Pilates vs. Yoga

by Kathy Smith

When people speak of the physical benefits of exercise, they tend to focus on the three S’s: strength, stamina and slimming. With this in mind, their training programs usually consist of weight lifting to build muscle, with some form of aerobic activity to build cardiovascular endurance and burn calories. But there’s a second tier of benefits we’re starting to value. These include flexibility, coordination, posture and stress relief.

It’s not that these secondary benefits weren’t always important — it’s just that they’re more in the spotlight these days thanks to the growing popularity of so-called “softer” training modalities. Two of the most popular of these are yoga and Pilates.

Yoga, of course, has been popular in the U.S. for decades. I started practicing yoga more than 20 years ago and it’s still one of my favorite ways to tone my body and calm my mind. Pilates though is a newer trend that apparently still has many people baffled. I often get letters inquiring about the difference between Pilates and yoga and asking which I recommend. As with most “which do I recommend” questions, the answer depends on your physical goals. Simply put, the difference between yoga and Pilates is that between East and West. Both systems build strength and flexibility; the difference between them is not so much physical as it is philosophical.

A Tale of Two Workouts

Let’s take yoga first. Yoga is based on the Eastern idea of moving energy through your body. The more freely the energy flows, the healthier and more energetic you feel. Physical tension hinders the flow; over time, areas of tension in your body can become tight and rigid, even painful. The goal of yoga is to keep the body supple through movement and stretching. But there’s another dimension. Yoga is a holistic spiritual discipline with its roots in Eastern forms of meditation. The physical postures, although they condition the body, are really aimed at the mind. They symbolize the goal of living your life in a state of balance and composure. When I spend an hour in a yoga class, I melt into a kind of meditative state and emerge wonderfully relaxed and refreshed.

Pilates on the other hand is physical conditioning first and foremost — and there’s nothing quite like it. Its creator, Joseph Pilates, was looking for a way to rehabilitate injured soldiers after World War I. He developed an assortment of curious machines with names like the “Reformer” and the “Cadillac.” Using cables and trolleys and unusual body positioning, Pilates exercises stretch and strengthen and are unique in their ability to encourage coordination between the muscles that stabilize the body.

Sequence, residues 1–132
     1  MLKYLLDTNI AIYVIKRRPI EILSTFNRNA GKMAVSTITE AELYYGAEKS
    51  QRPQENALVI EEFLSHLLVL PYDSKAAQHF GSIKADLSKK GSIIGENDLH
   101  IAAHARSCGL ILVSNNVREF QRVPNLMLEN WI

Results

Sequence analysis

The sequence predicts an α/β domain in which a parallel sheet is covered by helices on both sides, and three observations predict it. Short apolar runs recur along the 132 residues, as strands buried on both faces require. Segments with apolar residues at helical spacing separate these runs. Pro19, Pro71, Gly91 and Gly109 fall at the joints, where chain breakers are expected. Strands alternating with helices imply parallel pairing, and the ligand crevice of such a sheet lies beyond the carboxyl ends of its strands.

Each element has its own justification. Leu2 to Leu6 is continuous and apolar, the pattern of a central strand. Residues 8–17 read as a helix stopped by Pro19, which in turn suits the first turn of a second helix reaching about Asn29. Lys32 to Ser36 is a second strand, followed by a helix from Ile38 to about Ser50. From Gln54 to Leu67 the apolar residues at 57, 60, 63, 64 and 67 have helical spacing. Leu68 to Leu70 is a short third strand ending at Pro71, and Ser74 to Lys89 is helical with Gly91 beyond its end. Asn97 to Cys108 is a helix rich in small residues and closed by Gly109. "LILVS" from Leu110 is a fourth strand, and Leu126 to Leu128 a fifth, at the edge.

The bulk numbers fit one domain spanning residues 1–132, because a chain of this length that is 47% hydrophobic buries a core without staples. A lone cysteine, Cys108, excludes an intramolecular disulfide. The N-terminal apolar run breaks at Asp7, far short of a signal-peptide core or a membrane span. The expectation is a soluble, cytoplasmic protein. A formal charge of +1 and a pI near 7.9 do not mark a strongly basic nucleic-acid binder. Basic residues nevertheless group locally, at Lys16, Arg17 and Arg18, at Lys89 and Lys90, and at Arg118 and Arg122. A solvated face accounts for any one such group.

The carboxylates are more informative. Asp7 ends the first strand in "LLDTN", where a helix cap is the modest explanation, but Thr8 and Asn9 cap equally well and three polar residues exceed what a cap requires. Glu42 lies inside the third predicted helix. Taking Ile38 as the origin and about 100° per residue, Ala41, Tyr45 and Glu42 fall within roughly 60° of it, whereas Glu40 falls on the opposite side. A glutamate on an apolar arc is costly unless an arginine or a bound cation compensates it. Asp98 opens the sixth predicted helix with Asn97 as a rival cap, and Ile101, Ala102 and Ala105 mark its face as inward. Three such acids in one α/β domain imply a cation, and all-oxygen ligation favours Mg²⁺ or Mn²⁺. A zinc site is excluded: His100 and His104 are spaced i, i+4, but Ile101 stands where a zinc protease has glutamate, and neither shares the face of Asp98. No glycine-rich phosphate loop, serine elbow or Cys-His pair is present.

Pilates techniques quickly became a hit with dancers, who found them a highly effective way to improve body awareness and alignment and promote graceful, fluid motion. Machine-based Pilates actually has more in common with weight training than with yoga since it involves moving against resistance (provided by springs) with the aim of overloading the muscles. In particular it resembles functional strength exercises such as squats or cable pulls. There’s also a new form of Pilates, the Pilates mat class, which relies more on callisthenic-style exercises and stretches. This form is physically more similar to a yoga class though the emphasis is still on physical change rather than on spiritual development through postures and breathing.

The Choice Is Yours

Generally speaking, I think it’s fair to say yoga is more about how it makes you feel while Pilates is about how you look — how you carry yourself and move. So if you’re looking for a limbering, rejuvenating workout that will provide as much of a lift for your brain as your body — and you’re not too concerned about building muscle –I’d recommend yoga. If you’re interested in a more dynamic system of muscle conditioning — or if you just want to try something new and different — Pilates may be the answer.

In fact, it doesn’t have to be an either-or choice. After all, no single training system can give your body all the types of conditioning it needs. That’s why my week includes a variety of activities, from weight lifting to hiking, running, yoga and more. My best recommendation is to try everything — experience it all — and see what works best for you. East or West, the important thing is to explore!

The Power of Pilates

An estimated 6 million people across the country are now strengthening their bodies and minds, and losing weight, with the help of pilates exercises, the fastest growing fitness trend in decades. Among the Hollywood celebrities publicly touting its benefits, Goldie Hawn, Candace Bergen, Brad Pitt, Ben Afleck and Matthew Broderick.

Thanks to the Method’s popularity, a growing industry has emerged. More than 11 thousand people in the U.S. now claim to be pilates instructors, but according to the Pilates Method Alliance, (PMA), the international, not–for–profit, professional association that establishes certification and continuing education standards for Pilates professionals, at least 25 percent of them have not been properly trained.